Bishop William Houck
The name Katrina normally would be associated with a woman. However since 2005 the name Katrina reminds us of the largest and most devastating hurricane to hit the U.S. mainland in decades. The Mississippi Gulf Coast and Southeastern Louisiana, including New Orleans, were considered ground zero for this massive storm.
We all remember where we were at the time when the storm came ashore in the early hours of Aug. 29, 2005. Our memories help us to be grateful that we survived the destruction and have moved on to rebuild and re-establish our lives.
On that day, I was serving as president of Catholic Extension Society located in Chicago. Catholic Extension existed to help home mission dioceses and especially at times when they experience devastation of sorts to help them handle their problems. It was obvious from what I saw that I needed to get down to show our interest and concern, and to do what we could to be of help as soon as possible.
I contacted Bishop Joseph Latino, then bishop of the Diocese of Jackson, and said I would fly to Jackson and go with him down to the Gulf Coast to survey the needs. By the hardest, we were able to get into Biloxi as we traveled down Highway 49. The closer we got to the coast the more we could see the unimaginable devastation caused by the storm. The film footage on television news could not adequately convey the destruction caused by the 35 foot surge of the Gulf onto the coastline.
Archbishop Thomas Rodi who was at that time the bishop of Biloxi met us and gave us a tour. We were able to see at least in that area around Biloxi, but we couldn’t travel outside of the town down the coast because more than 40 miles along the Mississippi Coast had been devastated. Even driving in Biloxi was difficult because of the damage that had occurred with buildings and homes. There were no street signs, no real landmarks. The only visible surviving marker was the Lighthouse.
It was obvious that many people had suffered, much damage had occurred, even the big casinos that were over the water had been thrown over Highway 90 onto the land. It was a devastating sight that caused concern to well up within me for the people who endured this catastrophic event. I was grateful to be now in a position to be able to help rebuild.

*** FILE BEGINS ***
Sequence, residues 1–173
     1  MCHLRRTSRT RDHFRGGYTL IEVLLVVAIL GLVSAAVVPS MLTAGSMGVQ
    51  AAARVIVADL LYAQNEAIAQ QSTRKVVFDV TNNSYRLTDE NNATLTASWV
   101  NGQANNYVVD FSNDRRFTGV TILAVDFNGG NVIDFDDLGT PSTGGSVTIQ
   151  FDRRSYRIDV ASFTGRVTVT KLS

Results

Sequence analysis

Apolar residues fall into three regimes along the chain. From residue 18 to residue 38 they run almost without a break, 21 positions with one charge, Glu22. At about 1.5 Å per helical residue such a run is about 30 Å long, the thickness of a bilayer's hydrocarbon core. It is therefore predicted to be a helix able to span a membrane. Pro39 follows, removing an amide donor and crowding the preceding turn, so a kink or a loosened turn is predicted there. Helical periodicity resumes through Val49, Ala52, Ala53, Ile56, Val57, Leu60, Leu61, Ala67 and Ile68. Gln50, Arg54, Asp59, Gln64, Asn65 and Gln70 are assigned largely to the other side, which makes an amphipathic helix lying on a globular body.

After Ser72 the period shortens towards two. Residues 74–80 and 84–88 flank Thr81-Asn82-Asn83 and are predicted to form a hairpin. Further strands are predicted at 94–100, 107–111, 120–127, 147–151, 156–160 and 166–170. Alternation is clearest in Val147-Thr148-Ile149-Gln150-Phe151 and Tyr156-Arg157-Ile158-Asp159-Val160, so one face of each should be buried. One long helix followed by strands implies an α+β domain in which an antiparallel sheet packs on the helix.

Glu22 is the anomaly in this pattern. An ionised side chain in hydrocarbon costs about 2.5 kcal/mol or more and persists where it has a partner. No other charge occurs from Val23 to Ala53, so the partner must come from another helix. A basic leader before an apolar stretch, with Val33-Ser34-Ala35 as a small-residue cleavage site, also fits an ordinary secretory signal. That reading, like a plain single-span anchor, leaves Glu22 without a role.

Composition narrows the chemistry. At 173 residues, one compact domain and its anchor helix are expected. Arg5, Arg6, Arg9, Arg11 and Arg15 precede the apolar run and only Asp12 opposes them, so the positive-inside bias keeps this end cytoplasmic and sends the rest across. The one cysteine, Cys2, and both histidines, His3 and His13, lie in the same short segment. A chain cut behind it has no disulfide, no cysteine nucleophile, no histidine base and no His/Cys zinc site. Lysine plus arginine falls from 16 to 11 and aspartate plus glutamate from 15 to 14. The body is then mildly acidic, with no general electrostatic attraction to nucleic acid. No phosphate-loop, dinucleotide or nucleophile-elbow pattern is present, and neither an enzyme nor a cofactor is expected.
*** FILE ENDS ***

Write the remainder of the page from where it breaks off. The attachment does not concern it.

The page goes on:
There is a lot of information available about the damage and why it occurred and what levees broke and who suffered. But maybe our biggest lesson learned was to appreciate the help that came to Mississippi, the Gulf Coast and Louisiana and New Orleans from neighbors helping neighbors and from people outside who cared about helping others. As we live our lives today we have to be careful of getting too independent, feeling that I have a right to all I want to have and do. We have to accept the teaching of our Christian Catholic faith which tells us to show our love for Jesus in the way we love one another. But we have to make this application when there is not a hurricane threatening us or when we are living in a time when we are not asked to suddenly respond to a devastating tragedy.
The tragedy might be that we are living in the time when religion and faith, the commitment to God and to the value system of Judeo-Christian morality is suffering very much. To a great extent that is a tragedy of our times. What are we willing to do to reach out to others? To live our faith? To show to other people how much it means to be a community of faith, love, courage and forgiveness, truth, justice?
I suppose we need to thank God for the constant, continuing, loving compassion available from him as this loving Father of ours. Maybe we need to think more of responding to that love and to show his Son Jesus came to teach us and save us from our weaknesses and sins by revealing to us that we truly are called in his words as he said to us, “Love one another as I have loved you.”
Or in another way expressed in the early church beginning ministry of charity and caring: “See how those Christians love one another.” Our world needs us more and more as secularism continues to be marketed as such a challenging and difficult prospect to confront.
(Bishop William Houck was the President of the Catholic Extension Society when Katrina struck. Today, although he is the retired Bishop of Jackson, he is still active both in the diocese and with Extension, for whom he writes a weekly reflection.)
Bishop William Houck